Trayvon Martin. A name forever etched in the annals of America's complex relationship with race.
We all know the story. A 17-year-old armed with only a bag of Skittles, a hoodie and mocha skin is followed by a neighborhood watch man. At this moment, neither are breaking the law. Then there's a confrontation. A few minutes later, Trayvon Martin is dead and George Zimmerman is accused in his death.
Fast forward to Saturday, when Zimmerman is acquitted of all charges. Many people are thunderstruck and it reignites much-needed discussions surrounding race. The verdict unites some communities and divides others. The main thought that I can't really shake loose is: How can I protect my son from being another Trayvon Martin?
I know it's a question many African Americans have been asking themselves since the teenager was killed on Feb. 26, 2012. I see it on Facebook, where one dad insisted his sons call him to check in on Saturday. That day the usual text message would not suffice. I see the concern in my Twitterstream, parents trying to raise first-class citizens in a world where some see them as "less than." And I see it in the sad shake of a grandma's head, as if to say "We sure thought this country would be past this by now."
But we're not. Today it's how can I protect my son from being another Trayvon Martin. In 2006, it was How can I protect my son from being another Sean Bell? In 1999, it was Amadou Diallo. In 1998, it was James Byrd, Jr. In 1997, it was Abner Louima, 1989 was Yusef Hawkins, 1986 was Michael Griffith, 1981 was Michael Donald, 1964 was James Chaney, 1957 was Willie Edwards and in 1955, it was Emmett Till. (Did you know he was only 14 years old?) The list goes on and the further we go back, the more names are lost, tucked away in dark corners where America is scared to look.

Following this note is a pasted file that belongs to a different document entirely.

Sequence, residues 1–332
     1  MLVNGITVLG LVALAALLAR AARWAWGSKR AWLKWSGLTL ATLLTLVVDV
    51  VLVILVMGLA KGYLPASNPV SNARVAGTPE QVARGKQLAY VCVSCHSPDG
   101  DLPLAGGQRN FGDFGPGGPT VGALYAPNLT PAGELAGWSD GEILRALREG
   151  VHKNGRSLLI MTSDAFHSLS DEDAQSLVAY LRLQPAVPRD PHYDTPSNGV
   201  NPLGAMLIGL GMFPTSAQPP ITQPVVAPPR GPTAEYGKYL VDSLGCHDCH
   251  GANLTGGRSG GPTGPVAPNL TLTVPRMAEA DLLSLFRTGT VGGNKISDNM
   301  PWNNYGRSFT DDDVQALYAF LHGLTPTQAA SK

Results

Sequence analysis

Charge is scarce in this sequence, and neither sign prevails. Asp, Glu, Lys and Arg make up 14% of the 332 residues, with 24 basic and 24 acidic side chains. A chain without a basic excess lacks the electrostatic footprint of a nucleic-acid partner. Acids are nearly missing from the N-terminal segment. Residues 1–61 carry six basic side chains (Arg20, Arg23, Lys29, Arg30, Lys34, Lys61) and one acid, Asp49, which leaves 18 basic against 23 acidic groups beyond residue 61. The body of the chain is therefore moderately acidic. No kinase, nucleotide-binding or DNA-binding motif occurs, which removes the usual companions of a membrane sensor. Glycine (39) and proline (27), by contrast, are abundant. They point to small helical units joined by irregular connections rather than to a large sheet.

I'm not sure how to be certain my sons won't meet the same fate as Trayvon Martin. I don't feel I can trust that racial misconceptions won't be around in 2024, when they are teenagers. I will try to raise them to know that all people are equal, no matter race, class or creed; have a strong sense of self and know that though some people have narrow minds, those minds never, ever define us.
In fact, we can help broaden them with honest, uncomfortable discussions and productive actions. The best way to improve race relations is for everyone to get involved. Talk to each other, find a commonality and let it grow from there.
Everyone's got parents. And Sybrina Fulton and Tracy Martin are two parents who lost their 17-year-old son in Sanford, Fla. Jahvaris Fulton lost his little brother and Rachel Jeantel lost a friend.
These losses should make us squeeze our kids a little tighter, our love for each other a little stronger and maybe try to make Trayvon Martin be the last name etched in a shameful history.
*First appeared on She'sWrite.